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Electoral contention and violence (ECAV): A new dataset

Journal article
Authors Ursula Daxecker
Elio Amicarelli
Alexander Jung
Published in Journal of Peace Research
Volume 56
Issue 5
Pages 714-723
ISSN 0022-3433
Publication year 2019
Published at School of Global Studies
Pages 714-723
Language en
Links https://doi.org/10.1177/00223433188...
Keywords dataset, disaggregation, elections, events data, protest, violence
Subject categories Political Science

Abstract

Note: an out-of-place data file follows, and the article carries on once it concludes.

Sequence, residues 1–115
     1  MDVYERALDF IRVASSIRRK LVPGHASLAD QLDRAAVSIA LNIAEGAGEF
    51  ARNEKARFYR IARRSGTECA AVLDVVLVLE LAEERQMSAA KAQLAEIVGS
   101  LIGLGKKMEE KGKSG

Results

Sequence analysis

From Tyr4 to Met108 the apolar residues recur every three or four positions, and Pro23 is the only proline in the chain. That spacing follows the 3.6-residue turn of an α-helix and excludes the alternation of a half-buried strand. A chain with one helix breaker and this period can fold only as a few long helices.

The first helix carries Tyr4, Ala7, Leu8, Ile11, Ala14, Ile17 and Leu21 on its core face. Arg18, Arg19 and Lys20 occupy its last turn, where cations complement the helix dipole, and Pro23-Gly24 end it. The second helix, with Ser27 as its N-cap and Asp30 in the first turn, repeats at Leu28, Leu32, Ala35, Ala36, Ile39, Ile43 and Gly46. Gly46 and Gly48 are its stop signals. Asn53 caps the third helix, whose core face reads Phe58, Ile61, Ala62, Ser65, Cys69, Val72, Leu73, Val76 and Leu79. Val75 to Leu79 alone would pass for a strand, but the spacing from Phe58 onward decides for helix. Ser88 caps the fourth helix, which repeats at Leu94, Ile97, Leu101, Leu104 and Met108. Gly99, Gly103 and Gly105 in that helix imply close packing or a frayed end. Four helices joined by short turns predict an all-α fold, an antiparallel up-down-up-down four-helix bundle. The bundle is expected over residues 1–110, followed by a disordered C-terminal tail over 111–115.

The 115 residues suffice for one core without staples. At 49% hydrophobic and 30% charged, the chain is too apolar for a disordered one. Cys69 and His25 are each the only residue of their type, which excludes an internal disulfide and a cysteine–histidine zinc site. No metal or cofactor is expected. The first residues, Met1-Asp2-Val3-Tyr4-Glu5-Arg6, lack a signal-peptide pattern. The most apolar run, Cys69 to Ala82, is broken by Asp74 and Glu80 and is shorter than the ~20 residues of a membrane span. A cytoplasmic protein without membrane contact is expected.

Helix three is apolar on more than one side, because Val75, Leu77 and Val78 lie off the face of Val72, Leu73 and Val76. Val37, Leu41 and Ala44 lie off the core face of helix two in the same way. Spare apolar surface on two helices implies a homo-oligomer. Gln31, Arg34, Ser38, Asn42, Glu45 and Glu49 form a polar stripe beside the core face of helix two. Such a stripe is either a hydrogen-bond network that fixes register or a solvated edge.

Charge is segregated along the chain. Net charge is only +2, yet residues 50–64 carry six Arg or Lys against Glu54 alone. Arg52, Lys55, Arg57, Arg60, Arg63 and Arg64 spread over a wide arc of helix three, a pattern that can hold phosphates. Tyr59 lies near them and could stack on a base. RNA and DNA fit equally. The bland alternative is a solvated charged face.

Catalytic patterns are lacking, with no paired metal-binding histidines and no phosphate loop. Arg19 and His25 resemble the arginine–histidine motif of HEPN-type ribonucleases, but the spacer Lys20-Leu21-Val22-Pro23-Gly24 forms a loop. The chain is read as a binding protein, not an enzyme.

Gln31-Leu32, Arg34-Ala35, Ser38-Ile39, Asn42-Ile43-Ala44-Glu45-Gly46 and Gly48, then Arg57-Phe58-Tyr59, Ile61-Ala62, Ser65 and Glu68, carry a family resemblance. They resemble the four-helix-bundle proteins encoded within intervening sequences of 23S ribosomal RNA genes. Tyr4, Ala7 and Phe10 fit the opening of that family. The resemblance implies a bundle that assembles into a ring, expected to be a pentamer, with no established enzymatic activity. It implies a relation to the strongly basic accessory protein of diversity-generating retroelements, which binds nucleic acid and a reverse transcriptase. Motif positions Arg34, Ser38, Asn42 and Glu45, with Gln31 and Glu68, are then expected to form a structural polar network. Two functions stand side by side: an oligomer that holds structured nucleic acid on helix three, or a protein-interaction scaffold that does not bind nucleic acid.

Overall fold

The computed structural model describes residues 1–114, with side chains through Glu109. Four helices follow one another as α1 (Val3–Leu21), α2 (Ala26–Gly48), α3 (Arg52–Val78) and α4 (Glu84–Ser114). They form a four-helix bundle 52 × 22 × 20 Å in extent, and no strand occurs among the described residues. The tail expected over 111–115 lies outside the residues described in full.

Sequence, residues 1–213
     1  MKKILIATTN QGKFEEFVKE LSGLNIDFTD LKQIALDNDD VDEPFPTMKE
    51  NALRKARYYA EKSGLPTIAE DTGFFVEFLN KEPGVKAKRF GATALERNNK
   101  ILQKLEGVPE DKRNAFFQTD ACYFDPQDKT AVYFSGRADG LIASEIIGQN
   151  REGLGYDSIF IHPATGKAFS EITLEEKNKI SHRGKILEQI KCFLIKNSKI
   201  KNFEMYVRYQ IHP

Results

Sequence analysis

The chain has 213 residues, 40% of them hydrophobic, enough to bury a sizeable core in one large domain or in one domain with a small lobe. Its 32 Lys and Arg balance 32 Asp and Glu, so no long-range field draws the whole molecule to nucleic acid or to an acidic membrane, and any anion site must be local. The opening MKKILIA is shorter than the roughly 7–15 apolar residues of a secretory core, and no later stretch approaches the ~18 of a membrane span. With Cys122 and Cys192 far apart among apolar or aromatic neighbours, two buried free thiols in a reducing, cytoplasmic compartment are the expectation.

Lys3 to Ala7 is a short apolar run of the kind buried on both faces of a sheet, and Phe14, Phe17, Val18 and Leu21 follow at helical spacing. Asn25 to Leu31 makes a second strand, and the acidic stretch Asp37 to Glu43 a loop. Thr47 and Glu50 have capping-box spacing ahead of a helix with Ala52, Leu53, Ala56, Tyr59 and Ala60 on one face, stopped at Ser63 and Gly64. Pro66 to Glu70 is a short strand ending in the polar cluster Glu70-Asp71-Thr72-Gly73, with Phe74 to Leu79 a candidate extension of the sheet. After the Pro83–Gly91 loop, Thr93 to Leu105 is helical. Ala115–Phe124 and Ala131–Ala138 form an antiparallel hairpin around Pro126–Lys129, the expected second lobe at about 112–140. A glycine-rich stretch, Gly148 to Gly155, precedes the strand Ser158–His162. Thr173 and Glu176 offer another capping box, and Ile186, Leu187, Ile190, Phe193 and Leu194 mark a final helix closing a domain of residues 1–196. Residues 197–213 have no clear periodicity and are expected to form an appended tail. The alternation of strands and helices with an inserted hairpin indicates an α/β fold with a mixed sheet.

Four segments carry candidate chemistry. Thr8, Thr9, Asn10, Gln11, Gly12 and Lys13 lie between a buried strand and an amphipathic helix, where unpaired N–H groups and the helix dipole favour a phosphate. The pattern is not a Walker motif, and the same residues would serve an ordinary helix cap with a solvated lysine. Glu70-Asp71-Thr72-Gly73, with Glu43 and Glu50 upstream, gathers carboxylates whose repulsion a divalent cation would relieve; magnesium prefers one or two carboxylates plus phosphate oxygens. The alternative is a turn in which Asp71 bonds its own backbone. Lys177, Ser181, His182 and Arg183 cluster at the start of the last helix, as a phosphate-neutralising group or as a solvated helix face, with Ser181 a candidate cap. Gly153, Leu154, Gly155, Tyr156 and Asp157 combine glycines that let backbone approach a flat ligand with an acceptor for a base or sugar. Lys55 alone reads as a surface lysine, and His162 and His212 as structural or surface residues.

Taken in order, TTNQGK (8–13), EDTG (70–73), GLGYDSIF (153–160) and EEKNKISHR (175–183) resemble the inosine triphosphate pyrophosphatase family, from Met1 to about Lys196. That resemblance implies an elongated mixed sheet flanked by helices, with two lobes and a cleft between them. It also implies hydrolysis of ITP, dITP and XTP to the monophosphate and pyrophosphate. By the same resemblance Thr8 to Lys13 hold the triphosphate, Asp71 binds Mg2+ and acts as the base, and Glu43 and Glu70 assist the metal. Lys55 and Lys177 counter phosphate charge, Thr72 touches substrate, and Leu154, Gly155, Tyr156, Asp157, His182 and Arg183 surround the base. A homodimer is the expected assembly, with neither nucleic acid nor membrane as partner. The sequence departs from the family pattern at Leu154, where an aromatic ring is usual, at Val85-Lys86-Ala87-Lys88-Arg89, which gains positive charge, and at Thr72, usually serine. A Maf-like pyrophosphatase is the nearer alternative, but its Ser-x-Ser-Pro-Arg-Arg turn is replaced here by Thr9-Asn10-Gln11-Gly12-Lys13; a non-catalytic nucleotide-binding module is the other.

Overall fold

© The Author(s) 2019. Recent elections in Afghanistan, Bangladesh, Côte d’Ivoire, Egypt, Iraq, Kenya, Nigeria, and Pakistan have displayed substantial contestation and violence. A growing literature explores the causes and consequences of electoral contention and violence, but researchers lack comprehensive, disaggregated data establishing a substantive link between elections and violence. The Electoral Contention and Violence (ECAV) dataset conceptualizes electoral contention as nonviolent or violent events of contestation by state or non-state actors related to national elections. The data contain more than 18,000 events of election-related contention covering 136 countries holding competitive national elections between 1990 and 2012. This article describes the scope of ECAV, presents the project’s definition of electoral contention and the variables included, and outlines the coding procedure. We then compare ECAV to other datasets on electoral contention. Cross-national and subnational analyses of electoral competition and violence show that the data are useful for assessing the global and subnational implications of existing theories. ECAV addresses current data limitations by focusing on election-related contention, by using clear criteria to determine whether events are election-related, and by identifying the timing, geocoded location, and actors involved.

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